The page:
Oh, so you haven’t done it yet?
Denzel
: No we’re just focusing on producing tracks at the moment. We just started to work on a topic. We have to find a connection between each track. I think we’re going to start very soon.

Where do you record, do you have a studio in town?
Taro Lin
: Not at all, we record at my parent's house!

So your parents know you’re doing music and want to pursue a career from it, what they think about it?
Taro
Lin: Totally. When I was in elementary school my mom got an iPod nano and she was asking me for music. I was making her playlist where I added some Stan Getz and Hip Hop tunes in it. She’s a high school teacher and when she was listening to it at her desk, her students were like « oh you’re listening to Hip Hop, you're cool! » But at first they wanted me to find a real job you know how it is,  they are more open-minded now they really support me and that’s the best thing to me. 
Denzel: My parents are cool with that too. They just want me to stay out illegal shit.

Would you say that it is in Taiwanese culture to be open-minded about all of this Rap, Hip Hop culture?
Taro
Lin: No. Some parents won’t accept that their children do that. I think the real underground culture is growing up. But most people here listen to Pop music.

Any radio stations you guys are listening?
Taro
Lin: ICRT, about 10 years ago on Friday nights they use to play a lot of Hip-Hop music but I think the program shut down. The music quality in Taiwan is really cheap, people don’t have the self-awareness to understand that. They rap and post it on Youtube or Facebook, it's really bad.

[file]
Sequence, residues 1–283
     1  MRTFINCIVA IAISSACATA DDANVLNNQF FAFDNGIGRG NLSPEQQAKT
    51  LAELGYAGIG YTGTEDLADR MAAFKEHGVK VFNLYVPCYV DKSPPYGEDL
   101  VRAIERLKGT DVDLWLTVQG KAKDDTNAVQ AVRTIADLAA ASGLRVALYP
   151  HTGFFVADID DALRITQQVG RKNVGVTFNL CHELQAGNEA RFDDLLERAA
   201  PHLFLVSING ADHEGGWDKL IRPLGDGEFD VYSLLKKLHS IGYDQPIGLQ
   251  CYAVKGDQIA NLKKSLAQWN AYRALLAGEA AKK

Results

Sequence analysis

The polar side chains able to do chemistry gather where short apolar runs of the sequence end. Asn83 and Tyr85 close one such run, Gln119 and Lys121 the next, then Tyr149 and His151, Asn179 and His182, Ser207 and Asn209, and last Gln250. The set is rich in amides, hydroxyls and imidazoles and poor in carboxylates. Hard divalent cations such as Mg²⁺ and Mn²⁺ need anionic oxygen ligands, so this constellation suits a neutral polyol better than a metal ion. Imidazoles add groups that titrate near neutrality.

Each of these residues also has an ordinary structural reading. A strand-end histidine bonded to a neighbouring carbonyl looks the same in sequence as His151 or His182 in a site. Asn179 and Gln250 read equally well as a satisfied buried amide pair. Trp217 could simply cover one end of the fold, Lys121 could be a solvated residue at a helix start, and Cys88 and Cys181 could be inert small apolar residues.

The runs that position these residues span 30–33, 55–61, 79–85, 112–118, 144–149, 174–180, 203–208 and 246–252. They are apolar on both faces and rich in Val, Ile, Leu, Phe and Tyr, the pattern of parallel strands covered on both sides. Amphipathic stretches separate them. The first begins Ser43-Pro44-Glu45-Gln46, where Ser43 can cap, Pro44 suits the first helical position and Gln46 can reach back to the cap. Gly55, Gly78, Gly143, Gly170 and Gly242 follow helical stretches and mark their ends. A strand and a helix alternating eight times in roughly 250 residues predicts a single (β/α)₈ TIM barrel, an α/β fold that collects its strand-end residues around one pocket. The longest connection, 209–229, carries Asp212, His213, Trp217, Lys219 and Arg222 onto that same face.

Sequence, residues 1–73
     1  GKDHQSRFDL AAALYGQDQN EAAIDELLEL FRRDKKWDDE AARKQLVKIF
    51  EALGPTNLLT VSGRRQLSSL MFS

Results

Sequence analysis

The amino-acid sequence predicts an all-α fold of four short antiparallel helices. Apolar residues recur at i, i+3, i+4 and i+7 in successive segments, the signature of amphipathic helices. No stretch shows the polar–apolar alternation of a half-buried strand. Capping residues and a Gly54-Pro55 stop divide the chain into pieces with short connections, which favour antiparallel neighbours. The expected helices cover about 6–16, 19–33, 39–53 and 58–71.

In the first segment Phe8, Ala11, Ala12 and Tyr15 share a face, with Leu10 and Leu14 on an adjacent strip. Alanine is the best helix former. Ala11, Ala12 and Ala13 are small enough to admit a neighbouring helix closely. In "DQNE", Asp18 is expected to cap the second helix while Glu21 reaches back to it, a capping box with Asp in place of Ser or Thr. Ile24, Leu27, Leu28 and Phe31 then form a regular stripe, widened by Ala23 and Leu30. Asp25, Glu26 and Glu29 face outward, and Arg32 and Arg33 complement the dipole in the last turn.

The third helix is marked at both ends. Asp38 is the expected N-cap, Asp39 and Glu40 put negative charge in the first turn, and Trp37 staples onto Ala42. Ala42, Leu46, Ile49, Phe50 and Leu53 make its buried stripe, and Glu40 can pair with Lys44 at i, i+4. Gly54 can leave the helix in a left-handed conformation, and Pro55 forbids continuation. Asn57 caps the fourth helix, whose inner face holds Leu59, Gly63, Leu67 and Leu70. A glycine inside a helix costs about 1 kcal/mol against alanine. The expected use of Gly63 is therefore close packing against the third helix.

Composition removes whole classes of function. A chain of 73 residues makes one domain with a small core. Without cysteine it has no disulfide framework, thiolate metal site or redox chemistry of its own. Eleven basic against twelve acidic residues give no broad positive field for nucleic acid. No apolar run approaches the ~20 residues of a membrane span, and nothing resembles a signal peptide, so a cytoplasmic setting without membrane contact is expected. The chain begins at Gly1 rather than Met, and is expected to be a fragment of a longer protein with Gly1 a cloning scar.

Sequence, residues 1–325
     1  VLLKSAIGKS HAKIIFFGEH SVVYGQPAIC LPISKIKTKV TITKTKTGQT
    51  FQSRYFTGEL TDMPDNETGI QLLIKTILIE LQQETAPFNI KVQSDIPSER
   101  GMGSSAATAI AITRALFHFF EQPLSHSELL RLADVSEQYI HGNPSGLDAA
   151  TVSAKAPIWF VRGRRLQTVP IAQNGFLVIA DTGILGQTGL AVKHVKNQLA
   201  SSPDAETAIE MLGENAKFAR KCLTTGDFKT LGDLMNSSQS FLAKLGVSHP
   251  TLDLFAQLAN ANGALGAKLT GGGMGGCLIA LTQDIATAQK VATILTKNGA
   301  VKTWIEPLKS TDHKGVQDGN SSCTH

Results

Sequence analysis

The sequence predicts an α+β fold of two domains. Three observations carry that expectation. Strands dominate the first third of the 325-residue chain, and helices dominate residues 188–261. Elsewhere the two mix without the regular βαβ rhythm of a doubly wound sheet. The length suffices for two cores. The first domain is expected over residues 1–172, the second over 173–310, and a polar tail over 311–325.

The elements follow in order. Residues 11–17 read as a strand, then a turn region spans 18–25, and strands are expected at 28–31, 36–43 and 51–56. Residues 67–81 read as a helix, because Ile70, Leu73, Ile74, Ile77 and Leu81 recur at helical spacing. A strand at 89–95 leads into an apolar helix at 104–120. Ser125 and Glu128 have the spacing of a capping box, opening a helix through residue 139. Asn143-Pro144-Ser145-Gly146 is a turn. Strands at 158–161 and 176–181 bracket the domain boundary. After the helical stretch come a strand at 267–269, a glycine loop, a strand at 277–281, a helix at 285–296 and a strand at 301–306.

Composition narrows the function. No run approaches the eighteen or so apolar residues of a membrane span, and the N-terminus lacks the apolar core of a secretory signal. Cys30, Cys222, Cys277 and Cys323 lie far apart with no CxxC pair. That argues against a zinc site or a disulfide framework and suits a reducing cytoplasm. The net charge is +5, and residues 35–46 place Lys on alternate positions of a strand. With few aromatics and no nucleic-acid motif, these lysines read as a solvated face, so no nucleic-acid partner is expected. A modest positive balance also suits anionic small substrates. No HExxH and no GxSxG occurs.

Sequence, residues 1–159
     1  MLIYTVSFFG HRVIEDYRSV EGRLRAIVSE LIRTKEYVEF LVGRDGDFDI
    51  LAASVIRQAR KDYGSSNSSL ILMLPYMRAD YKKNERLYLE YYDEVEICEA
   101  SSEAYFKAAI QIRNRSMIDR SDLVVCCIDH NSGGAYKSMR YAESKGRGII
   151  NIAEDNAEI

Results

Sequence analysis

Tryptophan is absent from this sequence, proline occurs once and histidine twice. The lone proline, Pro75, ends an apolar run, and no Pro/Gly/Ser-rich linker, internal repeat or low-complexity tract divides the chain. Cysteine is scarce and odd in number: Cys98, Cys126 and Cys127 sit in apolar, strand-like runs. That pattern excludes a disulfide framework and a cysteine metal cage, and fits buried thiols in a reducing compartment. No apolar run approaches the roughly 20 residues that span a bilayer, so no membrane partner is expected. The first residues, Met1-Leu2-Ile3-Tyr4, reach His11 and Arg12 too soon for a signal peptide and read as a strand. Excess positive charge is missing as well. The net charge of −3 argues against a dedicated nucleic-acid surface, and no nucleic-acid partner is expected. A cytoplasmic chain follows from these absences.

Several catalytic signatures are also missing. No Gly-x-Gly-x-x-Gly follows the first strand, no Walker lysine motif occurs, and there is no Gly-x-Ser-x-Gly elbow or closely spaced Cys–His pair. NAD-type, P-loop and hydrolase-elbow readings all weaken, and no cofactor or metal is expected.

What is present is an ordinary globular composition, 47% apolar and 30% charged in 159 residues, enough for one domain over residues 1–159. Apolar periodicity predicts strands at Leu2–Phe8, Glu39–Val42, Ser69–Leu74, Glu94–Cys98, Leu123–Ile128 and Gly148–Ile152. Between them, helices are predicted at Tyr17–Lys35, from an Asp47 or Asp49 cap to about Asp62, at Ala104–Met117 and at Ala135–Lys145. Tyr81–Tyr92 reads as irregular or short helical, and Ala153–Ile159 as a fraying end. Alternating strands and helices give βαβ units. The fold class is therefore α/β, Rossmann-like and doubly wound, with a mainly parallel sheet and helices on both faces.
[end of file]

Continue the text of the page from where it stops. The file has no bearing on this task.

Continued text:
Denzel: There is a very bad culture in Taiwan like most of the people are used to download a beat from Youtube, generally a track that’s popping everywhere and start rapping on it. It is easy, I can do the same thing every fucking day if I wanted to. I think people should find their own sound than a good beatmaker. However, if you can’t find one, well it is easy man, just start making your own beats! 

 

Taro Lin: To me, it just needs to sound good however it seems that some people haven’t established their own taste yet, you know what they really enjoy, the references. Obviously, the Rap sounds sloppy...  
Denzel: I think they are not doing it for the right reasons. It is about finding why you like this… Nowadays, they just want to be like everyone else. 

Who’s your favorite rapper?
Denzel
: Eminem. In elementary school, I was really paying attention to the lyrics and I was trying to practice the melody a lot. 

Which album is your favorite?
Taro
Lin: To me right now the one I can come up with instantly is a Jay Dee remix album, it’s a bootleg album though, it was released by House Shoes. Man those remixes are something special. His way of doing sampling is unreal, he will catch something people miss out. He is the real deal period.

Any last words?
Denzel
: Yes, if I become famous I want to be signed by Soulja Boy. He’s the hardest one, I love him. Shout out to Soulja Boy!!
Taro Lin: Can I be a hater now?
Yes, you can! It's your moment.
Taro Lin: A lot of Taiwanese rappers be like, « oh if I won the lottery I wanna get Asap Rocky on my song » but dude, you are terrible. I mean why would you want to get a guy who’s going to destroy you on the track? Like if I had this kind of money I want to build something that would make my craft much better.